“The underlying pervasive theme is that there’s a rapid acceleration of data going to the cloud, and we’ve seen that in our customers,” Jain told TechCrunch. He says that long-time customers have been shifting from terabytes to petabytes of data, while new customers are starting out with a few hundred terabytes instead of five or ten.

As this has happened, he says customers are asking for a way to deal with this data glut with a single platform because the volume of data makes it too much to handle with separate tools. “Instead of looking at this as separate problems, customers are saying they want a solution that helps address the productivity part at the same time as the security part. That’s because there is more data in the cloud, and concerns around data security and privacy, along with increasing compliance requirements, are driving the need to have it in one unified platform,” he explained.

The company is doing this because managing the data needs to be tied to security and governance policies. “They are not ultimately separate ideas,” Jain says.

Jain says, up until recently, the company saw the data management piece as the way into a customer, and after they had that locked down, they would move to layer on security and compliance as a value-add. Today, partly due to the data glut and partly due to compliance regulations, Jain says, these are no longer separate ideas, and his company has evolved its approach to meet the changing requirements of customers.

Egnyte was founded in 2007 and has raised over $138 million on a $460 million post valuation, according to Pitchbook data. Its most recent round was $75 million led by Goldman Sachs in September, 2018. Egnyte passed the $100 million ARR mark in November.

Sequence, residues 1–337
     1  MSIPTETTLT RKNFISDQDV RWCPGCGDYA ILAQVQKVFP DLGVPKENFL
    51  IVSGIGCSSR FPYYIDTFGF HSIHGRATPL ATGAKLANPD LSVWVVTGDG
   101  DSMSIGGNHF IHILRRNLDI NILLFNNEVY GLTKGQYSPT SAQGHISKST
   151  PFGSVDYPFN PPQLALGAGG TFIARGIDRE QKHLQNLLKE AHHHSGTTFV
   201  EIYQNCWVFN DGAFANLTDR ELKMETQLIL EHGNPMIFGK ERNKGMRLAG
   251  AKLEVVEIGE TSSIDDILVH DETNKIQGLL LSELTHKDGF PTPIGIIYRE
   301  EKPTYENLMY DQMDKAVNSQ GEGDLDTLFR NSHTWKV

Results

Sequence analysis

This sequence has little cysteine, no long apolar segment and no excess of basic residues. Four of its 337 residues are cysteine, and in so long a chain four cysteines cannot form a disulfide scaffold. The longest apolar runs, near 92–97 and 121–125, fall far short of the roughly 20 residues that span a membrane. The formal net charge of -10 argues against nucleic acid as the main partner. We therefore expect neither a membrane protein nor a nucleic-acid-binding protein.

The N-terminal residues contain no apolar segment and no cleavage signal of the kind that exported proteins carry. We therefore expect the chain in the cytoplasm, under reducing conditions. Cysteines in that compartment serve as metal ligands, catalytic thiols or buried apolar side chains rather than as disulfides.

Dell sells RSA to consortium led by Symphony Technology Group for over $2B

Dell Technologies announced today that it was selling legacy security firm RSA for $2.075 billion to a consortium of investors led by Symphony Technology Group. Other investors include Ontario Teachers’ Pension Plan Board and AlpInvest Partners.

RSA came to Dell when it bought EMC for $67 billion in 2015. EMC bought the company in 2006 for a similar price it was sold for today, $2.1 billion. The deal includes several pieces, including the RSA security conference held each year in San Francisco.

As for products, the consortium gets RSA Archer, RSA NetWitness Platform, RSA SecurID, RSA Fraud and Risk Intelligence — in addition to the conference. At the time of the EMC acquisition, in a letter to customers, Michael Dell actually called out RSA as one of the companies he looked forward to welcoming to the Dell family after the deal was completed:

I am excited to work with the EMC, VMware, Pivotal, VCE, Virtustream and RSA teams, and I am personally committed to the success of our new company, our partners and above all, to you, our customers.

Times change however, and perhaps Dell decided it was simply time to get some cash and jettison the veteran security company to go a bit more modern, as RSA’s approach no longer aligned with Dell’s company-wide security strategy.

“The strategies of RSA and Dell Technologies have evolved to address different business needs with different go-to-market models. The sale of RSA gives us greater flexibility to focus on integrated innovation across Dell Technologies, while allowing RSA to focus on its strategy of providing risk, security and fraud teams with the ability to holistically manage digital risk,” Dell Technology’s chief operating officer and vice chairman Jeff Clarke, wrote in a blog post announcing the deal.

Meanwhile, RSA president Rohit Ghai tried to put a happy spin on the outcome, framing it as the next step in the company’s long and storied history. “The one constant in every episode of our existence has been our focus on the success of our customers and our ability to endure through market disruption by innovating on behalf of our customers,” he wrote in a blog post on the RSA company website.

The deal is subject to the normal kinds of regulatory approval before it is finalized.

Encoding Stolen Credit Card Data on Barcodes